This noise will also flicker badly on slightest motion of the camera.

In a really ideal world we would fight this problem of texture aliasing (and all other aliasing problems, e.g. jagged edges of polygons) with supersampling applied to the full scene. With this technique applied, the scene above would look like this:

Now, our world is not really ideal. Moreover, it's not even slightly ideal :) In particular, supersampling is very demanding on GPU. It basically means rendering the same scene N times, where N is the number of samples per pixel (usually N=16 is a good enough figure for polygon edges, not so good for textures).

Mip mapping is a technique that aims to approximate the ideal result of supersampling by downsampling the textures in steps, reducing their size 2× at a time, and then sampling from the closest mip level (or using weighted average of two closest, via linear interpolation). When generating the mip map, each downsampling step is done in a high-quality way, avoiding aliasing. This reduces noise and generally works satisfactorily for objects whose sides don't differ too much in level of detail.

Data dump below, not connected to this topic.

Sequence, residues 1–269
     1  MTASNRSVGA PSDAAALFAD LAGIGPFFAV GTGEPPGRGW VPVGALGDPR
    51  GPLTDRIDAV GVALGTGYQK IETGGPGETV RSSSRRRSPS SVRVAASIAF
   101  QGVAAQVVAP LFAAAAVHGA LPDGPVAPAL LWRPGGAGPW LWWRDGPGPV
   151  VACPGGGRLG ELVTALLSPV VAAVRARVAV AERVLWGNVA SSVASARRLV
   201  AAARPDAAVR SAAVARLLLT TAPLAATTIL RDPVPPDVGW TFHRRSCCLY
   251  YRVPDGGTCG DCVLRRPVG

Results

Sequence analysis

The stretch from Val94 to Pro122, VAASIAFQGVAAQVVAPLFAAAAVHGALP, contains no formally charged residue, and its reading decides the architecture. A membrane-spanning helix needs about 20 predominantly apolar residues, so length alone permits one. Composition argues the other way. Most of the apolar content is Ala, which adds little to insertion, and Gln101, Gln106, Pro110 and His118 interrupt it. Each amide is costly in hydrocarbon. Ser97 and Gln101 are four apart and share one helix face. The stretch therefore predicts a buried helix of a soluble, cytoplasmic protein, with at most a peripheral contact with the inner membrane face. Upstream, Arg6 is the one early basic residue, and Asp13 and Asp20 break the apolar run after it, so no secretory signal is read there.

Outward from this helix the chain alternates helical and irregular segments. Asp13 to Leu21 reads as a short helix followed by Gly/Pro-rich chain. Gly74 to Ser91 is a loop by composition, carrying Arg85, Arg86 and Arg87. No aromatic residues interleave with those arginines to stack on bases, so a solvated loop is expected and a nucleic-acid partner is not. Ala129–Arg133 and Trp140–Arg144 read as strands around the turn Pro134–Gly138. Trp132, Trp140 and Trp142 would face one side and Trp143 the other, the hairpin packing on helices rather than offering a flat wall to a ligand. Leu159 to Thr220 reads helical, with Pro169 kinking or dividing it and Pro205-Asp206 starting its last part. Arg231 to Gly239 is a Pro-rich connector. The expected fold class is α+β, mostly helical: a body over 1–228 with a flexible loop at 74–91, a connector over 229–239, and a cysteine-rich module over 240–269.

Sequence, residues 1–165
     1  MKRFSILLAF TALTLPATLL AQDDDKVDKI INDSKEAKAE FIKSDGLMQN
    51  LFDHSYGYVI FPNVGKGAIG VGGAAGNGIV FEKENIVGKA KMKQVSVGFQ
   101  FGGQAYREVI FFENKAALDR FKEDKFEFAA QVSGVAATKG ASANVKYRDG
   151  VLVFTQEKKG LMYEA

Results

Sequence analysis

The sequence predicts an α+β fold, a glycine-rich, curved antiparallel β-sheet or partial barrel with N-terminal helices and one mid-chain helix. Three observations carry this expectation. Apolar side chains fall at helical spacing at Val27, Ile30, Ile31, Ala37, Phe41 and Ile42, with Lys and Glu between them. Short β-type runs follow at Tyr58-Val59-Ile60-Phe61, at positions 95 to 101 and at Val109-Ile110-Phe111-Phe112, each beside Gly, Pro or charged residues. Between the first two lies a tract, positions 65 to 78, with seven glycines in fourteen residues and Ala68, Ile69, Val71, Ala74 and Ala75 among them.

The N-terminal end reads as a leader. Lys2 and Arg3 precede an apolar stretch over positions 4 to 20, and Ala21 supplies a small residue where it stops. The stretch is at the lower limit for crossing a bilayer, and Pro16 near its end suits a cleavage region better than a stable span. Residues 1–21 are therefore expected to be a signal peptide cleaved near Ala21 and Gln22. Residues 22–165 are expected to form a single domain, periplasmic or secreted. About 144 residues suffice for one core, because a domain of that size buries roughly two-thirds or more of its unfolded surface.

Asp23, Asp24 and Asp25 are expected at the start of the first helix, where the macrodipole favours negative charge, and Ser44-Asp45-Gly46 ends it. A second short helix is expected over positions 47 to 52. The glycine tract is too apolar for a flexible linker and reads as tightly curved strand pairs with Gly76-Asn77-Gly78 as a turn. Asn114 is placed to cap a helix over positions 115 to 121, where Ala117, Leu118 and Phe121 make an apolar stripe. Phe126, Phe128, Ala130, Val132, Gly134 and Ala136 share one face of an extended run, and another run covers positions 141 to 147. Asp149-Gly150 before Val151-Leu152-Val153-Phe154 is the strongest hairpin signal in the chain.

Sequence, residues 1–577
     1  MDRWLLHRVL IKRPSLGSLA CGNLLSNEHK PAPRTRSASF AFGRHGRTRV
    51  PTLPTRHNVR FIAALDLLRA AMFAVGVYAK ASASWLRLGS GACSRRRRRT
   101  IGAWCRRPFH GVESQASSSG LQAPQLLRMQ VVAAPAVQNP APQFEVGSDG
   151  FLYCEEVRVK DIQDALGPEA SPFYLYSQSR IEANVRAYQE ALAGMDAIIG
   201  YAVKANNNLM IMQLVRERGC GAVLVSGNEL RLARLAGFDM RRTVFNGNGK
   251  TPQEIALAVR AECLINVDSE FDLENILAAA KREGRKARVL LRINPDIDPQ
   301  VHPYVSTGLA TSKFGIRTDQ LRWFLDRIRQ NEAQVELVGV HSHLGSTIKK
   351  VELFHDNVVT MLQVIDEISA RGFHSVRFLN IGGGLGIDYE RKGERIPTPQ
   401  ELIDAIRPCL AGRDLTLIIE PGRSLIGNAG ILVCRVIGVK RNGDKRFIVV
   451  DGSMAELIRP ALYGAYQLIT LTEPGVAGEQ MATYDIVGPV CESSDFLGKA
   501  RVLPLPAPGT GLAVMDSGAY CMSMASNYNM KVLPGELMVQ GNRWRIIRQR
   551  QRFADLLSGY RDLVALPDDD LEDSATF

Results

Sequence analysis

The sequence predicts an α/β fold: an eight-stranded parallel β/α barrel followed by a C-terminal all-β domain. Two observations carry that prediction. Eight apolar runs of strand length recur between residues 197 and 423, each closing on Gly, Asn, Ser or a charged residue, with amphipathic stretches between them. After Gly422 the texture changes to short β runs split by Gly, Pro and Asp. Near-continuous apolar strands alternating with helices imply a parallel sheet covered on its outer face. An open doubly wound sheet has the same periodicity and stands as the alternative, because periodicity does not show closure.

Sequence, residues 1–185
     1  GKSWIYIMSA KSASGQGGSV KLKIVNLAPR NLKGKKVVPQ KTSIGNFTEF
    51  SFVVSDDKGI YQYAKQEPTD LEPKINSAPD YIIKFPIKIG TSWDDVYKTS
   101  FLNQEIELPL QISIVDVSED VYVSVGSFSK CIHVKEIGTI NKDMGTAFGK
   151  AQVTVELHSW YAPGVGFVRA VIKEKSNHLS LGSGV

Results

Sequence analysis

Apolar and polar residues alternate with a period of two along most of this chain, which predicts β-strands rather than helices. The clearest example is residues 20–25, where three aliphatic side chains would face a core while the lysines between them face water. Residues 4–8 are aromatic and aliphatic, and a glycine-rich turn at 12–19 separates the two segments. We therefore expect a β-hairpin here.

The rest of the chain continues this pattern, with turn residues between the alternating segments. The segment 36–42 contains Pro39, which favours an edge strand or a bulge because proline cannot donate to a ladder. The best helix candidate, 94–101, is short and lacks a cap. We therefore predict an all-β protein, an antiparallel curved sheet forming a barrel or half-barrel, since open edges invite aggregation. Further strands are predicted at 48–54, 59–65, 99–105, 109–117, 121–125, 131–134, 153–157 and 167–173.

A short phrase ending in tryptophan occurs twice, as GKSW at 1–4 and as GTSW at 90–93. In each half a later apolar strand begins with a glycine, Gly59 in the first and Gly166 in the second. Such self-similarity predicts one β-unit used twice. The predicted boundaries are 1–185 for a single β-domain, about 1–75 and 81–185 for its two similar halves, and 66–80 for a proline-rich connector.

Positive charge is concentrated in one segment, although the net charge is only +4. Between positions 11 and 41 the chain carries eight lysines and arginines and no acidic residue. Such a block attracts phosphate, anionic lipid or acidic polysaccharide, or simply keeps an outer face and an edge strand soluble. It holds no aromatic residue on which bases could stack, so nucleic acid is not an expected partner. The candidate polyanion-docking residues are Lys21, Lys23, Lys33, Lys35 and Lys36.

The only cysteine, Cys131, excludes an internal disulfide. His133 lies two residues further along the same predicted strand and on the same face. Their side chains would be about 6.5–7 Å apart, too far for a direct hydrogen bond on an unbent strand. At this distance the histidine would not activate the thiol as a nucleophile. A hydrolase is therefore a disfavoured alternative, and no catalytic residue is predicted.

But in computer games and some other kinds of graphics software, inclined surfaces like e.g. roads appear quite often. The result is that, although in one dimension the texture is squeezed, its other dimension's squeezing coefficient is much smaller. The result is that the above scene gets approximated poorly. The noise does get removed, but blurriness is excessive:

Anisotropic filtering is a modification of mip mapping, where sizes of each mip level get applied separately to width and to height of the image, yielding combinations of different widths and heights in the resulting mip map. This takes considerably more space than normal mip map (up to 4× the original texture), but the result is a drastic increase of image quality. The texture rendering becomes comparable to the supersampled result:

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    \$\begingroup\$ They told me "Avoid comments like "+1" or "thanks"", but since I like your answer much more than an upvote, I do add a comment to just say : thank you for the whole explanation including supersampling !!! \$\endgroup\$ Commented May 3, 2021 at 21:01